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August 2021

In 1946, C.S. Lewis published an essay titled “Talking About Bicycles” in the form of a conversation with a friend. In the essay, he uses the experience of riding a bicycle to illustrate the four ages of many of the experiences we have in life. Lewis begins the essay:

“Talking about bicycles,” said my friend, “I have been through the four ages. I can remember a time in early childhood when a bicycle meant nothing to me: it was just part of the huge meaningless background of grown-up gadgets against which life went on. Then came a time when to have a bicycle, and to have learned to ride it, and to be at last spinning along on one’s own, early in the morning, under trees, in and out of the shadows, was like entering Paradise… Now one would begin to be happy. But, of course, I soon reached the third period. Pedalling to and fro from school (it was one of those journeys that feel up-hill both ways) in all weathers, soon revealed the prose of cycling. The bicycle, itself, became to me what his oar is to a galley slave.”
“But what was the fourth age?” I asked.
“I am in it now, or rather I am frequently in it. I have had to go back to cycling lately now that there’s no car. And the jobs I use it for are often dull enough. But again and again the mere fact of riding brings back a delicious whiff of memory. I recover the feelings of the second age… To be sure, it is not a recipe for happiness as I then thought. In that sense the second age was a mirage. But a mirage of something.”
“How do you mean?”, said I.
“I mean this. Whether there is, or whether there is not, in this world or in any other, the kind of happiness which one’s first experiences of cycling seemed to promise, still, on any view, it is something to have had the idea of it. The value of the thing promised remains even if that particular promise was false — even if all possible promises of it are false.”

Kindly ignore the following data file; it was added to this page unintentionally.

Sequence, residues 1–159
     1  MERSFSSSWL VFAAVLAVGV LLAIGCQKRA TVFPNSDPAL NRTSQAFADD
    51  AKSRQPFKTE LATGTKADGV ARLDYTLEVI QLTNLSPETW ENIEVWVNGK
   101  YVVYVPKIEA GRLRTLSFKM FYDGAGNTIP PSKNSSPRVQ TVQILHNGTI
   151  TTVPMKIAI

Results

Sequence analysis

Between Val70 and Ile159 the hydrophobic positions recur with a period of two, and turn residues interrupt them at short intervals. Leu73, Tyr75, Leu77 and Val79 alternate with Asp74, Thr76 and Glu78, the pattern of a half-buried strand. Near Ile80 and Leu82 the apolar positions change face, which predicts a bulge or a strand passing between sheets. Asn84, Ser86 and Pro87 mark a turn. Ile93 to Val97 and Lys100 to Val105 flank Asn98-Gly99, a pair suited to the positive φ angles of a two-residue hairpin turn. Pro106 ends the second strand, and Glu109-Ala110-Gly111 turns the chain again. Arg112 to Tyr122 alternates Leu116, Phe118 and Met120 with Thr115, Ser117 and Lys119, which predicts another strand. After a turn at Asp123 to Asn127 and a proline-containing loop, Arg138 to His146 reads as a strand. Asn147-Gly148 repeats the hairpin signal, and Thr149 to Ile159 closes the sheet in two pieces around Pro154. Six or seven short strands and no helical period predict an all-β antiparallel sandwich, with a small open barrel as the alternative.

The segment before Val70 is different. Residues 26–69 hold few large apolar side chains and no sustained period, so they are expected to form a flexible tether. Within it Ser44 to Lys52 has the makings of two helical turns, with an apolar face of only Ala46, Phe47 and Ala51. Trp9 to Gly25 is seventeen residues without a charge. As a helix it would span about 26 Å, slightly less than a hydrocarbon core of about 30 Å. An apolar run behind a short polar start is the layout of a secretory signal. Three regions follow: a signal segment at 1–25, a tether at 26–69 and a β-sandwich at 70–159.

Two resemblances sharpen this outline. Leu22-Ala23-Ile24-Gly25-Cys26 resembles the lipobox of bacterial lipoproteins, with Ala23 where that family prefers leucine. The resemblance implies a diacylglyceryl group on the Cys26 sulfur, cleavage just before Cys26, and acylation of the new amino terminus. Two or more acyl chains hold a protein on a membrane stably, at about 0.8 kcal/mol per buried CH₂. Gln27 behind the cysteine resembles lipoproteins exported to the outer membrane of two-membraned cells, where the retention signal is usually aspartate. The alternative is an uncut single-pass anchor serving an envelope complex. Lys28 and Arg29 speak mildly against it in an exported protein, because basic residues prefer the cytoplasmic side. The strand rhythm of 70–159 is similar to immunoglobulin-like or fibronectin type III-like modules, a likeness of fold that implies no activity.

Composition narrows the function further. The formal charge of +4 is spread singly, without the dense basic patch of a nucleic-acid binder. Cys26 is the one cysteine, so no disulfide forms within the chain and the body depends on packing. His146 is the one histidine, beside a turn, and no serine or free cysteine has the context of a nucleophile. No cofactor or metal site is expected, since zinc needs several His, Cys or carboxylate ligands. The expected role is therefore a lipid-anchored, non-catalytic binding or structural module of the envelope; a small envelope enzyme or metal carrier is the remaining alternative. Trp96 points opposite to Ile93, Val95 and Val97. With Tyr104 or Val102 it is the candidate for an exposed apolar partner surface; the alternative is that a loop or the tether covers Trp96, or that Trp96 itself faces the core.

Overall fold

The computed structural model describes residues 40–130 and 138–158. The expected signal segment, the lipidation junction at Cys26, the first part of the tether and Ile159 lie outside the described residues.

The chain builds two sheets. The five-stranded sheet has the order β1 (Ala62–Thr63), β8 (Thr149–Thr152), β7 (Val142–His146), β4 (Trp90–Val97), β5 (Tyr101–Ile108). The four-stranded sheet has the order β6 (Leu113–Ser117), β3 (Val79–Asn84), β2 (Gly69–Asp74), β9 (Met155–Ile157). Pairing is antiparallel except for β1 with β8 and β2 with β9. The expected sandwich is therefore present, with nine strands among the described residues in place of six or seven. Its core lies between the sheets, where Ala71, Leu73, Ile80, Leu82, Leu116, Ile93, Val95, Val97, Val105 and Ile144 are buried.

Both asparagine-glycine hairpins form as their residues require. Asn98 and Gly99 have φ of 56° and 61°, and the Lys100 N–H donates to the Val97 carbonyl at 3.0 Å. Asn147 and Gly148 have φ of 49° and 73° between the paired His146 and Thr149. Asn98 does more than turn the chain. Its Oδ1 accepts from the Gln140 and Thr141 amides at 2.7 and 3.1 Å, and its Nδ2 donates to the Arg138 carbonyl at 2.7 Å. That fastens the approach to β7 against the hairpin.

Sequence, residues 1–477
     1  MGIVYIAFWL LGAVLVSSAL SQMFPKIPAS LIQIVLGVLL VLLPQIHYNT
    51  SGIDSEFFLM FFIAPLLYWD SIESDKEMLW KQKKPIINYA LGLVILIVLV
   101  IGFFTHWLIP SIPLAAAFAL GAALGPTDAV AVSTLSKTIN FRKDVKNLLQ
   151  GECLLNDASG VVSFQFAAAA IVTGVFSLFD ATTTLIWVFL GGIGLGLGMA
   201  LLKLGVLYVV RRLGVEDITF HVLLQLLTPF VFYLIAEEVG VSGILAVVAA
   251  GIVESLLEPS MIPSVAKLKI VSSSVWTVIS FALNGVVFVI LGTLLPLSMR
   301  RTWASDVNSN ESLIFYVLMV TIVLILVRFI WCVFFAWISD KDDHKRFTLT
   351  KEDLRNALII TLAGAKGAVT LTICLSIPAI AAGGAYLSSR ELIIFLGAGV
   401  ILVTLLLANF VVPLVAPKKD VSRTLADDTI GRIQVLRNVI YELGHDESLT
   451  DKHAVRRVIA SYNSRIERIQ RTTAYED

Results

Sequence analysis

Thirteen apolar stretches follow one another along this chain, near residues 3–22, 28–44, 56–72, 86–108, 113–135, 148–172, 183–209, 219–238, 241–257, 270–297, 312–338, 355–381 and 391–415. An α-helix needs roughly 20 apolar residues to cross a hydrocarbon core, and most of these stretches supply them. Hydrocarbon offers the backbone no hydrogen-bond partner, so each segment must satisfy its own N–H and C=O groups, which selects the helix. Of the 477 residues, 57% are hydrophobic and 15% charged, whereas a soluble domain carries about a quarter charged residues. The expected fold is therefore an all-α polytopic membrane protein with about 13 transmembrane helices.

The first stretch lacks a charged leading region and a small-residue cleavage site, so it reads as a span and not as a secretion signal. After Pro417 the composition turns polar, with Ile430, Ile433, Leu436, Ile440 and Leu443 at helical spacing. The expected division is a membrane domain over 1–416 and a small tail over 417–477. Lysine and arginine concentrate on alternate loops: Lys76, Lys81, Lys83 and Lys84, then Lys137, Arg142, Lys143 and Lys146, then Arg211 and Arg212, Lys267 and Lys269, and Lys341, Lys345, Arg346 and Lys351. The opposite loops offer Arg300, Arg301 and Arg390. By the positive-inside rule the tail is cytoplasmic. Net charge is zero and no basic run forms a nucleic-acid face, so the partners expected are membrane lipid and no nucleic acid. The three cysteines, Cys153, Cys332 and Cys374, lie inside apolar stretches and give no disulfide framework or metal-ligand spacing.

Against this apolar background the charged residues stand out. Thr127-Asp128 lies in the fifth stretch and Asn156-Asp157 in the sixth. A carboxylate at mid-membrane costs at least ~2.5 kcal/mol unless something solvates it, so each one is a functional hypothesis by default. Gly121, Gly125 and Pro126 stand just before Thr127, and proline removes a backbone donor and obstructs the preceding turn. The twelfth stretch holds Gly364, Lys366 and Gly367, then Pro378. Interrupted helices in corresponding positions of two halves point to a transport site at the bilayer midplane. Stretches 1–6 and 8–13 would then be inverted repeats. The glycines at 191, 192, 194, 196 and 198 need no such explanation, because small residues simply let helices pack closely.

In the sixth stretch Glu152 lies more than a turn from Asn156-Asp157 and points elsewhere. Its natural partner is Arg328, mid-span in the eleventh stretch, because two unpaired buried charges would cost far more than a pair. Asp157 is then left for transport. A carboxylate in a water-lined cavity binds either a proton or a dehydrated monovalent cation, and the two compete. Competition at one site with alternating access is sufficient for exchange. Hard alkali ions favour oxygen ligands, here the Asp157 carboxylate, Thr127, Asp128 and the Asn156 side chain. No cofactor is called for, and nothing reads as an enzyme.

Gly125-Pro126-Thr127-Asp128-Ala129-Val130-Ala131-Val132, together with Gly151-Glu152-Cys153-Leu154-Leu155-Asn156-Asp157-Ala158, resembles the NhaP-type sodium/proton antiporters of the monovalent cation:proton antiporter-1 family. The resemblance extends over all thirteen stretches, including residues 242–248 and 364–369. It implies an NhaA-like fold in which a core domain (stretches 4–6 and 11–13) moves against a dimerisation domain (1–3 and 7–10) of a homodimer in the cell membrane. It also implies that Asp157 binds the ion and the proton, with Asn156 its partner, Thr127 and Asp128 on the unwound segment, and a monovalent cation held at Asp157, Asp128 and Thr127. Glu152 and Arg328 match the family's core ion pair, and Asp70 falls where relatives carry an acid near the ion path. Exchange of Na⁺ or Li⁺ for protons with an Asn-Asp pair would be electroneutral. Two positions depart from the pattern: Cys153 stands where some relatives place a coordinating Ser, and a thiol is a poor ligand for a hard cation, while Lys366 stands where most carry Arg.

“… I think there are these four ages about nearly everything. Let’s give them names. They are the Unenchanted Age, the Enchanted Age, the Disenchanted Age, and the Re-enchanted Age. As a little child I was Unenchanted about bicycles. Then, when I first learned to ride, I was Enchanted. By sixteen I was Disenchanted and now I am Re-enchanted.”1

As the essay continues, Lewis’s friend illustrates how the “four ages” apply in the contexts of love and of war. He also argues that it is “immensely important to distinguish Unenchantment from Disenchantment — and Enchantment from Re-enchantment”. He observes:

“… You read an author in whom love is treated as lust and all war as murder—and so forth. But are you reading a Disenchanted man or only an Unenchanted man? Has the writer been through the Enchantment and come out on to the bleak highlands, or is he simply a subman who is free from the love mirage as a dog is free, and free from the heroic mirage as a coward is free? If Disenchanted, he may have something worth hearing to say, though less than a Re-enchanted man. If Unenchanted, into the fire with his book. He is talking of what he doesn’t understand…”2

What do you think of the idea that “there are these four ages about nearly everything”? When you talk with other people (or read the books they have written), do you consider how their life experiences (or lack of experience) may affect their views?

“Without counsel plans fail,
but with many advisers they succeed.”



1 C.S. Lewis, “Talking About Bicycles” in Present Concerns, edited by Walter Hooper (Harcourt, 1986), pp. 67-68.
2 Ibid, pp. 70-71.

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